I was outside playing sandlot baseball in the vacant lot next to the King and Queen’s house and directly in front of the Bo-Bo house. Several of us were playing. The Prince, me, two of the ambitious brother’s sons, Thomas and his brother Charles, and a kid named Lester were having a good time. Bo-Bo was there too and was up to bat. I was playing centerfield and therefore I was closest to the Bo-Bo house.

            Most families in those days couldn’t afford a clothes dryer. Most moms still used clothes lines in the backyard for the most part. But somehow or other Bo-Bo’s father, a wrecker-driver that I would later be reminded of when watching “Tow-Mater” in the Disney Movie “Cars”, had purchased his wife a clothes dryer. After this incident I was reticent about using a clothes dryer for several years to come. But, to be honest, I still have no idea how what happened came about.

            There I was standing in centerfield waiting on Bo-Bo to bat when all the sudden I heard a blood curdling scream come from behind me. It was obviously a woman in great distress. We all turned around to see what was going on and bursting through the back door of the house Bo-Bo’s mother came running and screaming. I can understand why she would be screaming given her hair was on fire. No joke. It really was. She was running wildly in circles and slapping herself on the head and at one point dropped to the ground, bent over, and started to pound the top of her head into the dirt. Meanwhile, another neighbor lady who was outside grabbed a bucket, filled it with water from the spicket on the side of the house, and then doused Bo-Bo’s mom’s head with the water. Bo-Bo came running and screaming after watching the whole thing at which time his mother passed smooth out on the now muddy ground behind their house.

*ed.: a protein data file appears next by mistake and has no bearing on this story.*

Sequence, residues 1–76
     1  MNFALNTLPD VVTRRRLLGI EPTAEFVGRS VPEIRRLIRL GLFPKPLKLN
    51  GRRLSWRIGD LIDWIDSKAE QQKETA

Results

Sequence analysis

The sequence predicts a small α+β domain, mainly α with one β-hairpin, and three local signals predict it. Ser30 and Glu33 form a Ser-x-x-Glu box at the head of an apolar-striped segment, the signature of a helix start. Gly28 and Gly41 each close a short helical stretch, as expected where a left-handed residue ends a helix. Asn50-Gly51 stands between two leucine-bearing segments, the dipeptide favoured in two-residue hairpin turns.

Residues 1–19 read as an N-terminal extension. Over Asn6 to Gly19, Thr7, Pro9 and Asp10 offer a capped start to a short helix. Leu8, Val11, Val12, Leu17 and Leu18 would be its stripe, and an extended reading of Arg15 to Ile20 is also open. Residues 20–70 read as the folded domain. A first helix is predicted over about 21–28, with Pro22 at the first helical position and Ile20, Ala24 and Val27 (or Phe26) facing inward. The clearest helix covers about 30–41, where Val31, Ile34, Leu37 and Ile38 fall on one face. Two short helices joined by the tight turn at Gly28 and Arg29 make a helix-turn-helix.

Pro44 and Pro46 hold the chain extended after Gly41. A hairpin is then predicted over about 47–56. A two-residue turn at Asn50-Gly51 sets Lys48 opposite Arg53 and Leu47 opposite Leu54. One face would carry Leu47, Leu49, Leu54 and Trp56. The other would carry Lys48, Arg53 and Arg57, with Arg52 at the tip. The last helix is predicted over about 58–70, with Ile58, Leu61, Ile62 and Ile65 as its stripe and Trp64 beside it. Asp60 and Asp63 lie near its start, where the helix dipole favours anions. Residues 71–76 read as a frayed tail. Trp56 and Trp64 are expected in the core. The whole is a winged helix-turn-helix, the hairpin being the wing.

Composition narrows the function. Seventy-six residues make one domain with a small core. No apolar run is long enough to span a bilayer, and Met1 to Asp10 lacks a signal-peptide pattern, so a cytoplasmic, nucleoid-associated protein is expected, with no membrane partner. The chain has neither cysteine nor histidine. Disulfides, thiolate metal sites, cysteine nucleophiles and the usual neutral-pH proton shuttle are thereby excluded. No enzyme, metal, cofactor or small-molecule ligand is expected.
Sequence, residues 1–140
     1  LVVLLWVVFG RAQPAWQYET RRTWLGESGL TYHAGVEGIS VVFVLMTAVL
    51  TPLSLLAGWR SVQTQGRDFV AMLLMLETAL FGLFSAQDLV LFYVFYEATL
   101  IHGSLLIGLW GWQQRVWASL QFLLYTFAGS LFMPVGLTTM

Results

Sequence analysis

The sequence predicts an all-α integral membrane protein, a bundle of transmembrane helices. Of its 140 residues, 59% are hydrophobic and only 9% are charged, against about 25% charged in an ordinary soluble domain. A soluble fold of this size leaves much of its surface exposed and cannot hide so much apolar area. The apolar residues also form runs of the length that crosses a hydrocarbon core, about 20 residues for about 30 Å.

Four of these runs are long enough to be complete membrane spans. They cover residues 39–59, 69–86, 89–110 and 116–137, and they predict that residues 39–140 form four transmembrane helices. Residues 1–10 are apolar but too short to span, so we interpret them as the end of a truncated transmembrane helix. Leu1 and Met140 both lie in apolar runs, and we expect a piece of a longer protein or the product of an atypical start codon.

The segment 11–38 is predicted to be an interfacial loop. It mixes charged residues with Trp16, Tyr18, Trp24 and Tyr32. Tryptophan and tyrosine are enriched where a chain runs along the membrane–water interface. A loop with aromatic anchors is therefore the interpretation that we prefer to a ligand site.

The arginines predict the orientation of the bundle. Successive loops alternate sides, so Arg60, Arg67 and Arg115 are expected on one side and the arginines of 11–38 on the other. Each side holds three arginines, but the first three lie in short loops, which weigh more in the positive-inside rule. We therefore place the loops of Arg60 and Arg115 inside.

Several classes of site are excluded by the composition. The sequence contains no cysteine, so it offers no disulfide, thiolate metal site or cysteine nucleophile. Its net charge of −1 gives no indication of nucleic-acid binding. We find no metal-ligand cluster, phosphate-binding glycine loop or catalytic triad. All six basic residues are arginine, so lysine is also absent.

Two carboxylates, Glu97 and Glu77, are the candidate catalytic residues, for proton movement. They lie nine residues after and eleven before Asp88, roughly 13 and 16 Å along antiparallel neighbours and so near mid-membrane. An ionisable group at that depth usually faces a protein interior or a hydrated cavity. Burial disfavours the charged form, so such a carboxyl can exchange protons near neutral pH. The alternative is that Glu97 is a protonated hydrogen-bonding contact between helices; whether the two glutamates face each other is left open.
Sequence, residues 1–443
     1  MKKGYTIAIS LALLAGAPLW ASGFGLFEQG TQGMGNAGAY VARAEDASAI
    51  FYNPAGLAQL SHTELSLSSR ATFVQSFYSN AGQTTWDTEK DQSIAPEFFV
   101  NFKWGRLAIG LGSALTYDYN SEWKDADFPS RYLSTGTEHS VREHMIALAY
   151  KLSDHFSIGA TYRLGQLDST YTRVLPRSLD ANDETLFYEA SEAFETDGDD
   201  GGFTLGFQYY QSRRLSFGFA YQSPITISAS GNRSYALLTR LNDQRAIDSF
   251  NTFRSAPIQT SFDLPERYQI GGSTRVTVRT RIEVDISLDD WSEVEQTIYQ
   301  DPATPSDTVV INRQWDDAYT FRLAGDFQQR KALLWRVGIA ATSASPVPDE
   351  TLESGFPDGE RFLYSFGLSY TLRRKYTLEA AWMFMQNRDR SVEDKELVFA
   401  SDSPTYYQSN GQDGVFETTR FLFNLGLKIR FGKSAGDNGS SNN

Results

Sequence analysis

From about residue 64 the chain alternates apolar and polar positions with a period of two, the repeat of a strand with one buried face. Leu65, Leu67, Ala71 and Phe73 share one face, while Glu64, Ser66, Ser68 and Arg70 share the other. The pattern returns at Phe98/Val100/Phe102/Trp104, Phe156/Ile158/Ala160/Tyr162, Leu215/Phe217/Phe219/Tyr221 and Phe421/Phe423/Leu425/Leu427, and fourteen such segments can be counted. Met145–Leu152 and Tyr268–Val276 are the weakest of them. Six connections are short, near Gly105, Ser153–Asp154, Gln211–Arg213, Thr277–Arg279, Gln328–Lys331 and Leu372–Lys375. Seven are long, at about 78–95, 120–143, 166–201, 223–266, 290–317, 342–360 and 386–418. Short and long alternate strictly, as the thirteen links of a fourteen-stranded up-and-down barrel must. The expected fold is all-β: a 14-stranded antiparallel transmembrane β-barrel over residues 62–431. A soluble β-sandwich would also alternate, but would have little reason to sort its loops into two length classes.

The other lady told all of us to go home, but to be honest this was a show none of us could afford to miss. Someone called an ambulance and before it could arrive, Bo-Bo’s father showed up having heard the call go out on his shortwave radio in the wrecker. He wrapped his wife’s head in a towel and was consoling her when the ambulance showed-up. The good news was that she wasn’t really hurt at all. No burns to her actual head. Her hair was not so fortunate though. It took a few months for her to start looking normal again. Bo-Bo’s father was later seen manhandling the electric dryer out the back door where he then loaded it on the back of the wrecker, tied it down, and drove away. It was never to be seen again.

            The whole thing was at first neighborhood folklore, but within 18 months or so it was relegated to a mere passing description of the people living in that house. A new kid would move into the neighborhood and as you explained to him who lived where and so forth, you would give a brief explanation that would encapsulate the important things that you needed to know about the family living there.

            For instance, “A veterinarian lives in that house and he mows his yard at night”. Or, “They have six kids and their father has one brown eye and one blue eye. Very strange.” But nothing quite topped, “The mom in that house caught her hair on fire and the dad drives a wrecker and sometimes the kid, “Bo-Bo”, wears one of his mother’s wigs.” That one always got a “wow” and a nod that seemed to say, “Impressive.” The house itself also earned a nickname after the incident. It became known as “The Boo-Boo House”.